There is no way to know if in the next few years less radical alternatives will be found — treatments that arrest the disease rather than merely staving off death a few months longer. Maybe other factors will be identified allowing the risk to be more precisely measured. Someday people may look back on preventive mastectomies as barbaric. But given the glacial pace of progress, Jolie and her doctors had every reason to be pessimistic and to chose the course they did.

Coming soon: Why is there no Gleevec for breast cancer?

  • tüp bebek

    hard treatment.. :-( http://www.tupbebek.name.tr

  • Bill Patterson

    “Someday people may look back on preventive mastectomies as barbaric.”

    I suppose it would look radical if in the future a simple convenient solution is found, but I do wonder if future generations would really even care about chopping off body parts and reconstructing them if the reconstructions are of a high quality. Once plastic surgery gets to a point where it’s extremely safe and indistinguishable from someone who just happens to be biologically blessed, I wouldn’t be surprised if everybody who can afford it will get it. Jolie makes a point of saying she doesn’t think it diminished her femininity, which presumably wouldn’t be the case if she couldn’t get the reconstructive surgery for whatever reason. Of course women who get cosmetic surgery often do it to improve their own feelings of femininity. Maybe that’s just a sad comment on society but that’s a whole different question to whether the very idea of a double mastectomy will one day be seen as a barbaric intervention, or whether it will one day be seen as weird that people would even think it’s radical to change one’s body so much.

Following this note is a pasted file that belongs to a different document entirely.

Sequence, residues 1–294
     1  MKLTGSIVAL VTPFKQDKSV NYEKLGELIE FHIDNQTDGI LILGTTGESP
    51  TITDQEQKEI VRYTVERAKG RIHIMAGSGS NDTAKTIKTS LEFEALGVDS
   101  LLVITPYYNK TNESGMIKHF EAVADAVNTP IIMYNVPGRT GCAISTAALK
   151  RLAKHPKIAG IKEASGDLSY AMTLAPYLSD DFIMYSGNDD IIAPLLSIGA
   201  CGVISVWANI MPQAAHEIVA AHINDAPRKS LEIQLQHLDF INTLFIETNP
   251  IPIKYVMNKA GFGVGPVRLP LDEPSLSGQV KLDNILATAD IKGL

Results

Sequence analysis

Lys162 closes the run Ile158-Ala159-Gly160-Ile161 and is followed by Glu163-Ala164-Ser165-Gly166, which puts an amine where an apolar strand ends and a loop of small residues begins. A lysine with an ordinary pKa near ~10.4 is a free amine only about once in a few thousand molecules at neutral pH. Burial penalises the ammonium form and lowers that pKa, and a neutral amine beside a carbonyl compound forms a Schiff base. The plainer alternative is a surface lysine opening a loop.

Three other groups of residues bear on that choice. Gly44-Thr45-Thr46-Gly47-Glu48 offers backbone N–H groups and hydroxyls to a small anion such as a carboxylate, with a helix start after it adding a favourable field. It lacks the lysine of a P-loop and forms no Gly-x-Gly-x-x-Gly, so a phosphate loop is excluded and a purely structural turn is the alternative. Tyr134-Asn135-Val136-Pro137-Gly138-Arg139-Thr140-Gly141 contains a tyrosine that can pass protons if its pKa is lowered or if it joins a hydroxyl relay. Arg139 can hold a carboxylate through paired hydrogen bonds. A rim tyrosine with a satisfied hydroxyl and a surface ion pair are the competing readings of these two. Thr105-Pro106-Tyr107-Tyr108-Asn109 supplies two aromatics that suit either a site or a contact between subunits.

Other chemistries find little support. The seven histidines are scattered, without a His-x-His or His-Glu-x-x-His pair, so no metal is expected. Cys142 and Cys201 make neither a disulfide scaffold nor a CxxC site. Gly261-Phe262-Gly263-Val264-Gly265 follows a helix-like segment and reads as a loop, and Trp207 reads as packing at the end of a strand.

So yes, the decision seems very reasonable to me too.

  • xuyf

    Basic car maintenance is the eternal topic for all the car owners. You may install the new auto tyre after long distance driving or when the season changes. And you can change the comfortable seat covers for good car appearance or some new car accessories such as car monitor and rear park assist for your vehicle! Maybe change the car grille is a good idea!

NEW ON DISCOVER
OPEN
CITIZEN SCIENCE
ADVERTISEMENT

Discover's Newsletter

Sign up to get the latest science news delivered weekly right to your inbox!

Fire in the Mind

Whether a subtle new pattern shows up in an experiment on the Higgs boson, an epidemiological report about a suspected cancer cluster, or a double-blind trial purporting to demonstrate ESP, it can be maddeningly difficult to distinguish between what we see and what we think we see. "Fire in the Mind" takes a look at the big questions behind today’s science news.

About George Johnson

George Johnson writes about science for the New York Times, National Geographic Magazine, Slate, and other publications. His nine books include The Cancer Chronicles: Unlocking Medicine's Deepest Mystery (August 2013), The Ten Most Beautiful Experiments, A Shortcut Through Time, and Fire in the Mind. He is a winner of the AAAS Science Journalism Award and has twice been a finalist for the Royal Society science book prize. Co-founder and director of the Santa Fe Science Writing Workshop, he can be found on the Web at talaya.net. Twitter @byGeorgeJohnson.

ADVERTISEMENT

See More

ADVERTISEMENT

@byGeorgeJohson onTwitter

Collapse bottom bar
+

Login to your Account

X
E-mail address:
Password:
Remember me
Forgot your password?
No problem. Click here to have it e-mailed to you.

Not Registered Yet?

Register now for FREE. Registration only takes a few minutes to complete. Register now »